2008 Annual Survey of violations of trade union rights - Togo
|Publisher||International Trade Union Confederation|
|Publication Date||20 November 2008|
|Cite as||International Trade Union Confederation, 2008 Annual Survey of violations of trade union rights - Togo, 20 November 2008, available at: http://www.refworld.org/docid/4c52ca69c.html [accessed 25 April 2014]|
|Disclaimer||This is not a UNHCR publication. UNHCR is not responsible for, nor does it necessarily endorse, its content. Any views expressed are solely those of the author or publisher and do not necessarily reflect those of UNHCR, the United Nations or its Member States.|
ILO Core Conventions Ratified: 29 – 87 – 98 – 100 – 105 – 111 – 138 – 182
In November, police prevented a demonstration by one of the ITUC's affiliates.
Trade union rights in law
New Labour Code – small improvements: Togo adopted a new Labour Code in December 2006. The 1974 Labour Code had been under revision since 1995 following an explicit request of the World Bank.
The 1974 Labour Code prevented foreign workers from holding leadership posts in trade unions, but under the new code migrant workers can take up such posts provided they are legally established in the country. The new code also specifically states that a person may join a union without the express permission of their spouse, which in practice improves the right of women to join unions. The protection of trade union representatives is strengthened through the provision that their dismissal must be approved by the labour inspector.
Existing rights: Workers have the right to join unions and to strike, apart from members of security services, fire workers and the police. Public sector health workers are allowed to join unions but not to strike.
Anti-union discrimination is prohibited.
Weaknesses: There is no provision protecting strikers against reprisal measures.
Nominally, the right to collective bargaining exists, but this is limited to a single nationwide agreement that must be negotiated and endorsed by representatives of the government as well as trade unions and employers. The agreement sets nationwide wage standards for all employees in the formal economy.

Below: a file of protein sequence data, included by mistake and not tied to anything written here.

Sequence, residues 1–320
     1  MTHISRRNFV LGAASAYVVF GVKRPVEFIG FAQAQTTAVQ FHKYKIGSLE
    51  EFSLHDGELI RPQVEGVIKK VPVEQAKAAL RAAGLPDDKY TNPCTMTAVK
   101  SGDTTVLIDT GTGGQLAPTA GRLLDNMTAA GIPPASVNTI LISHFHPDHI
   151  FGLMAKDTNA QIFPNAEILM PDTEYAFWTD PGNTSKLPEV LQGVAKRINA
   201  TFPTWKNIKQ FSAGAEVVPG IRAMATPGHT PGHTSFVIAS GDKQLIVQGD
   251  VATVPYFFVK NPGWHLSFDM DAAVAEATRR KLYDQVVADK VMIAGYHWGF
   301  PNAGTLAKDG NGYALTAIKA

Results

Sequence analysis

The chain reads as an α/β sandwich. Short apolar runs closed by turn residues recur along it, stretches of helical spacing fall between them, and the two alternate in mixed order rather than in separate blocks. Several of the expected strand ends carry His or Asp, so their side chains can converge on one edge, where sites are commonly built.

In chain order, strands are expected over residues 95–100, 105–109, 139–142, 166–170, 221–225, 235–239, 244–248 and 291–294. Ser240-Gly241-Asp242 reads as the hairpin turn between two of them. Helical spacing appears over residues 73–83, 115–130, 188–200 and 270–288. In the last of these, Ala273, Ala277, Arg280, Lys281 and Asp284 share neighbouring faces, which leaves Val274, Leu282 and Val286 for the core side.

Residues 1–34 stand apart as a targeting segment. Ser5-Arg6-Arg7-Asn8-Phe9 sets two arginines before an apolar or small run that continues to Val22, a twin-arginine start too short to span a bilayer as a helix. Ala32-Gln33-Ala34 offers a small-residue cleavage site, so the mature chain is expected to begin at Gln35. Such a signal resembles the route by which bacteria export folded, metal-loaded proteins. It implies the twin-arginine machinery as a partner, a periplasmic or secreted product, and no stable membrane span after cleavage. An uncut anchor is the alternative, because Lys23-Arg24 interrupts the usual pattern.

Export processing zones: The law provides exemptions from some provisions of the Labour Code for companies with export processing zone (EPZ) status, notably the regulations on hiring and firing. Employees of EPZ companies do not enjoy the same protection against anti-union discrimination as other workers. This matter has been raised repeatedly by the ILO Committee of Experts which has highlighted the need for workers in EPZ to benefit from trade union rights.
Trade union rights in practice and Violations in 2007
Background: The general elections in October, considered to have been free and fair by international observers, were won by the ruling People's Party ("Rassemblement du peuple togolais"). A few weeks later, the European Union announced the normalisation of its relations with Togo following 14 years of economic sanctions.
Some initial arrangements for social dialogue were made in 2006, after union centres had insisted that these were needed and threatened strikes. A protocol agreement had been signed and a National Social Dialogue Council set up, but there have been few developments since then.
On 8 September, in Lomé, police prevented the holding of a demonstration called by the Confédération syndicale des travailleurs du Togo (CSTT). The police occupied the CSTT head office, where the march was to start from, and square Anani Santos, where the meeting was to be held, thereby preventing the demonstration from being held. The CSTT had informed the competent authorities of its plan to hold the demonstration, in accordance with the legal requirements. The CSTT had never been informed that the demonstration was banned. For several months the unions had been threatening the government that they would organise protests, since several promises had not been held.
In general anti-union attitudes prevail in the EPZs, despite the prohibition of anti-union discrimination.